Archive | March, 2014

A prayer for Saturday morning


Lord, it’s Saturday morning, and I’m working on my sermon. You know the one – about the man born blind, one of my favorites, but then I have so many.

What am I thinking? You were there!

I’m not sure why I feel the need to tell you what you already know – what day it is, what I’m working on, or even what I’m thinking.

Are Saturdays much different for you than Mondays? I’m thinking, as I sit here, that there’s a great deal I don’t know about you.

I don’t even know if you listen to prayers like this, but I keep offering them, trusting that you do, trusting that what I do and how I spend my time and what brings me joy are of interest to you.

So here I am, as I mentioned, working on my sermon for tomorrow, something that brings me a great deal of joy. I used to tell my family, when they asked me what I was doing on Saturday morning, that I was “tweaking” my sermon.

But the truth is, I’m doing more than that. I’m polishing it, learning it, weighing the value of each word I plan to say, and praying that my congregation will enjoy the hearing of it as much as I enjoy the preparation of it.

More than anything this is a prayer of thanks – for the opportunity to do this thing that I love to do.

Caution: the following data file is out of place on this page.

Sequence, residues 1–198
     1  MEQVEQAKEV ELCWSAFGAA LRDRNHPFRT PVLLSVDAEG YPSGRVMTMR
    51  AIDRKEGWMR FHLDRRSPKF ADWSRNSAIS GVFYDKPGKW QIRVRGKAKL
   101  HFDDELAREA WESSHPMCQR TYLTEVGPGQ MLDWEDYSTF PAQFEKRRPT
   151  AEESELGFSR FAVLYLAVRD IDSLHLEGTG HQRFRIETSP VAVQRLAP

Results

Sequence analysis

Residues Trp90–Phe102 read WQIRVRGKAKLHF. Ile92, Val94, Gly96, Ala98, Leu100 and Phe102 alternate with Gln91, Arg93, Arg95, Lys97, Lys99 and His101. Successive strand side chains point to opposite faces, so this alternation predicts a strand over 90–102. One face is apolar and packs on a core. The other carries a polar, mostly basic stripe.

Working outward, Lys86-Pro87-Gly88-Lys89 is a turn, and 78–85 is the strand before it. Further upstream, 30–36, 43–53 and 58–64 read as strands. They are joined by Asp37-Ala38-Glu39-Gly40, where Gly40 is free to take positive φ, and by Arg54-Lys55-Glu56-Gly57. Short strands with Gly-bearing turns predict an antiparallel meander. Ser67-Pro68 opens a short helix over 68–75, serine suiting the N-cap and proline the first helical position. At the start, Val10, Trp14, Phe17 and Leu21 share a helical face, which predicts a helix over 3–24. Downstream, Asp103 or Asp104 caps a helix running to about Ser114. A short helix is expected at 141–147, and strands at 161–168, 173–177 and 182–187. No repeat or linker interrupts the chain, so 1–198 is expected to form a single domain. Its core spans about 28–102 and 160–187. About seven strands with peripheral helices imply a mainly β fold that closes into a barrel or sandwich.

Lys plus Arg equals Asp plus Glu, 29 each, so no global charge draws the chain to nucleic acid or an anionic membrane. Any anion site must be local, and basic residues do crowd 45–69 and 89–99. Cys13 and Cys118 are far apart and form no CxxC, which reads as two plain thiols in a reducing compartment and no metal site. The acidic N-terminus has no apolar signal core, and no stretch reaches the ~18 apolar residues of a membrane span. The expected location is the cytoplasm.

In Jesus’ name.

(Photo: where I now live.)

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Don’t mess with Switzerland

swiss bomb shelter

My new Swiss friends probably wondered how long it would be before I blogged about bomb shelters.

Yes, bomb shelters.

Switzerland hasn’t fought a war in 500 years and has no enemies (it’s true that the European Union isn’t happy with Switzerland at the moment, because of a recent referendum on limiting immigration, but so far as I know is not unhappy enough to go to war), so why would this country require require bomb shelters (stocked with ample provisions) for all of its citizens?

According to Swiss law, every dwelling built in the country since 1968 must have a bomb shelter able to withstand the blast of a 50 megaton explosion at the distance of 700 meters (nearly a half mile). By way of comparison, the Fat Man bomb detonated 600 meters above Nagasaki measured only 21 kilotons.

For those of you who are concerned about me, there is a shelter in the basement of our apartment building with some very serious-looking doors. If a missile comes our way, the Swiss are determined that I survive, along with everyone in our apartment building, most of whom I haven’t met yet.

Interestingly – I did not know this before my move – neutrality does not mean the absence of a military or the lack of willingness to fight. Military service is compulsory in Switzerland (I am just beyond the age when I should be concerned about being drafted), and the Swiss participate in U.N. peacekeeping missions.